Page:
At the RedBridge Group, we have been in the field every night measuring public opinion and sentiment. The combined primary votes of the Coalition and Labor is currently at record lows.

At the 2018 election, the combined vote of the majors was around 78% with a record 22% choosing independents or minor parties. At this stage of the cycle, indications are the combined independent and minor party vote might land on 25% or more.

That is why preference flows will be more important than ever.

Historically, we know around 15% of Greens preferences leak to the Coalition. What is less well known is how preferences from other minors and independents will behave. In the next 24 hours we will see the registered how to vote cards for all lower house seats, but this only tells part of the story. You then need supporters to stand on the booths to give voters a copy of their HTV card. And then you need voters to follow that HTV card as recommended.

But as we know from the leaked video of Druery, Labor has been playing the long game with preferences and that might make the difference.

Who won the week: Minor parties and independents who will be the likely electoral beneficiaries over perceived integrity issues.

This week’s dux: The teals’ legal team who desperately and successfully fought against having to register HTV cards with nominated preferences, thus having to show their true political colours and lose the illusion of independence.

This week’s dunce: Druery, after being caught on video boasting of his ability to game the election result by harvesting preferences to support a Labor government. It’s easy to see how this story has a lot more to run, especially after the election.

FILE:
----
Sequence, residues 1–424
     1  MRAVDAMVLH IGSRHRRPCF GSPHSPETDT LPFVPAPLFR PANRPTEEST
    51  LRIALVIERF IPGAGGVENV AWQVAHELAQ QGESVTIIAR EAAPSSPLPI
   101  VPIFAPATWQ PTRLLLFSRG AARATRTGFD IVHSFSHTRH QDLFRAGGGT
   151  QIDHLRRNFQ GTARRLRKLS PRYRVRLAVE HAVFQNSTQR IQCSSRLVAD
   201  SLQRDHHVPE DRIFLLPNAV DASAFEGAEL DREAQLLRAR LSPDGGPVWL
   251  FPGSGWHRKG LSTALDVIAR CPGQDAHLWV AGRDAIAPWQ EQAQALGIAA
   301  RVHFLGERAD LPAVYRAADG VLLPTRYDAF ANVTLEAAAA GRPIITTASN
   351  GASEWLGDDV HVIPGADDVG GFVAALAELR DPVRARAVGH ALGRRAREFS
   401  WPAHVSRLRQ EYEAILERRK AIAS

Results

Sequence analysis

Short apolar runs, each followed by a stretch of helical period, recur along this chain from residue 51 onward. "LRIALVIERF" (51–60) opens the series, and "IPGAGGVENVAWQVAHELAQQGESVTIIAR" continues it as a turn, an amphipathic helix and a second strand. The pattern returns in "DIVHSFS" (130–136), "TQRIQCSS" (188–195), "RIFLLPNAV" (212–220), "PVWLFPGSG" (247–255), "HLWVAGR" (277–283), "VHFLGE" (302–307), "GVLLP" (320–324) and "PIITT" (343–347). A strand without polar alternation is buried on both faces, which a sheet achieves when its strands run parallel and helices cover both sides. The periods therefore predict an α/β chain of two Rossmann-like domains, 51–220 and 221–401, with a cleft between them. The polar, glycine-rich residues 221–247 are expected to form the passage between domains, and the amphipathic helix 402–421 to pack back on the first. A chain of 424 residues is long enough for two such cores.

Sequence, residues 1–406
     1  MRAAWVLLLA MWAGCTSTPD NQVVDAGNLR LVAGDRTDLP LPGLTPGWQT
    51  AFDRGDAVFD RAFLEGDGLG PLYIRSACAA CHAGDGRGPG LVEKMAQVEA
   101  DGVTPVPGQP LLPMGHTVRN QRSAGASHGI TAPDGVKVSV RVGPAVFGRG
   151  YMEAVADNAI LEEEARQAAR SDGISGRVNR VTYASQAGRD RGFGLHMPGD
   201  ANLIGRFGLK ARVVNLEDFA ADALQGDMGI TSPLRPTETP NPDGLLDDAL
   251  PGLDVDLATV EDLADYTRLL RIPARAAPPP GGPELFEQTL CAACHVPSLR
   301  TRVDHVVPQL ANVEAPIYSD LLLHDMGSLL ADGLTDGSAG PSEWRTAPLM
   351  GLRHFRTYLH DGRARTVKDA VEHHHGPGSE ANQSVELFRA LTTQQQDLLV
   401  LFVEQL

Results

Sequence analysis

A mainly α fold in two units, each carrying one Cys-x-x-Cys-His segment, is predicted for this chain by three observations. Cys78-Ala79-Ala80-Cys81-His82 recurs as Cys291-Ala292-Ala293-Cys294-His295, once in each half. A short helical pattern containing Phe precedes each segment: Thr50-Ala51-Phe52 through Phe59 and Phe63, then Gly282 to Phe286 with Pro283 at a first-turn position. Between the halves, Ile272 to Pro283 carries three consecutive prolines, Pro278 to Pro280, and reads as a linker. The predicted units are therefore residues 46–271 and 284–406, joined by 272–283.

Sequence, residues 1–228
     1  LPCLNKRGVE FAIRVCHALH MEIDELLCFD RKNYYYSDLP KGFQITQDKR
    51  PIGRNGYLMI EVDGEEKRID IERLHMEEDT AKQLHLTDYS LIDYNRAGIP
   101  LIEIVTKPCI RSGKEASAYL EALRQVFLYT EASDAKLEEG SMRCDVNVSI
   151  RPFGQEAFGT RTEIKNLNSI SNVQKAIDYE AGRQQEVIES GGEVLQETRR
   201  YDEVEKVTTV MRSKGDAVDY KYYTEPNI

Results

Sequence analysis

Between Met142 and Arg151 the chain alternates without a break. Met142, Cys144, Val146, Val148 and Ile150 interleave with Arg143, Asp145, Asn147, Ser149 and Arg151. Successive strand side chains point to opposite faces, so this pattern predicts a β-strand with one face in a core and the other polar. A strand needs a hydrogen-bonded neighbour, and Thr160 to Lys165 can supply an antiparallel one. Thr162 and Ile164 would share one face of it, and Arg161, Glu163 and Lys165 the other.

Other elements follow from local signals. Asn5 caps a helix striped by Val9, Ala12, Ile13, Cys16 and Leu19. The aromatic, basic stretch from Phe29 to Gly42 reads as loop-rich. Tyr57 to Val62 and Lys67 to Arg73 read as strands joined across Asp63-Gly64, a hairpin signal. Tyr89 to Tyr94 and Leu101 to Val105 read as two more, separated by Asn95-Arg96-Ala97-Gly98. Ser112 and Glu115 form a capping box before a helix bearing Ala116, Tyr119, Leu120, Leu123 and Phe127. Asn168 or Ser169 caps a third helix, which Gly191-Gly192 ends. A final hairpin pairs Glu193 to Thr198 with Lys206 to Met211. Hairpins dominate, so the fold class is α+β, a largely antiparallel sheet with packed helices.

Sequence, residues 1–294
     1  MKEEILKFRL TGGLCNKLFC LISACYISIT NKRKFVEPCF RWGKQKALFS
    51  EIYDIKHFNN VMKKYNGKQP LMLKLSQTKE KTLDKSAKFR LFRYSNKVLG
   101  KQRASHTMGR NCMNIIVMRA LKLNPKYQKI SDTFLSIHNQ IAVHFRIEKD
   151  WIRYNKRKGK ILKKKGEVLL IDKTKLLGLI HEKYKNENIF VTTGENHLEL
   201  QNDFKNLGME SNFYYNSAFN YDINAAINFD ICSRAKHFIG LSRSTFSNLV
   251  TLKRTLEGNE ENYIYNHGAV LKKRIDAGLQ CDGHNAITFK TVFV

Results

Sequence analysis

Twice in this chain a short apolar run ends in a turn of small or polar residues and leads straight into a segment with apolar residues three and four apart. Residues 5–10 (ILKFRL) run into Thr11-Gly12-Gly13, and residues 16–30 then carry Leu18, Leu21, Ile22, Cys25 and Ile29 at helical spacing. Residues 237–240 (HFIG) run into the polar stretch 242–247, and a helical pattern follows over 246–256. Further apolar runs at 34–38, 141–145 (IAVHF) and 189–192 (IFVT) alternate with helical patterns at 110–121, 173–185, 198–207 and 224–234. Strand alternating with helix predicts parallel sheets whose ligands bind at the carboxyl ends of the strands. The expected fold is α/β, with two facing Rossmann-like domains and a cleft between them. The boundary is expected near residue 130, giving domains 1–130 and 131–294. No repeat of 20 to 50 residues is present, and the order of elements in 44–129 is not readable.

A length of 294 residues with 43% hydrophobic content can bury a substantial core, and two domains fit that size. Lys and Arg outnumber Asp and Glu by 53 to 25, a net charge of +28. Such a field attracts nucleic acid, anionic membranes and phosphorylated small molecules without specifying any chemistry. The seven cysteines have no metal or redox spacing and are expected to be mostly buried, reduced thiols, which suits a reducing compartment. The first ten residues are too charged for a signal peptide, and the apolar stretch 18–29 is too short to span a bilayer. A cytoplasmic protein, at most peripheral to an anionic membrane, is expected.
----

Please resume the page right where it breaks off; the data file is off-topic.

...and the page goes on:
Kirsty Webeck, comedian

While I’ve been guilty of splashing out on a new wardrobe at the EOFY year sales before realising the car registration’s due and the credit card’s about to get a workout, I definitely always have a goal of digging myself out of the debt. Whether or not I succeed, at least I’ve tried. Does either party have a similar goal or strategy to address Victoria’s debt? It’s hard to tell, with only a week until polling day.

Both major parties weighed in with energy policies this week. Guy promised to reserve all gas from new onshore projects for Victoria which has seen some people fracking out about what that would really mean. Both parties had plans to reimburse households for rising energy prices. Some more strategies for how to move people off gas would be good if we’re serious about lowering emissions.

Meanwhile, coverage of the election is still congested by Ibac referrals, only now the Liberals have been added to the pile. While it’s great that Ibac has plenty of work to keep them busy, it’s not so great for the Coalition since they’ve really put a lot of eggs in the “let’s rinse Daniel Andrews for having no integrity” basket.

I’m no statistician, but from my incredibly unbiased* social media feeds, it feels like Andrews is still leading the charge. The Liberals might have to find another way to fight this battle, and fast.

*They’re very biased.

Who won the week: People who menstruate, with promises of free tampons and pads if Labor wins re-election.

This week’s dux: Andrews caused a stir with the above promise, which also included support for endometriosis sufferers.

This week’s dunce: The Liberal party built an aggressive campaign on the integrity of Andrews, only to have it derailed by their own referral to Ibac. Whoops! Better change course.

• Dr Margaret Simons is a board member of the Scott Trust, the core purpose of which is to secure the financial position and editorial independence of the Guardian


Margaret Simons, Tony Barry and Kirsty Webeck

The GuardianTramp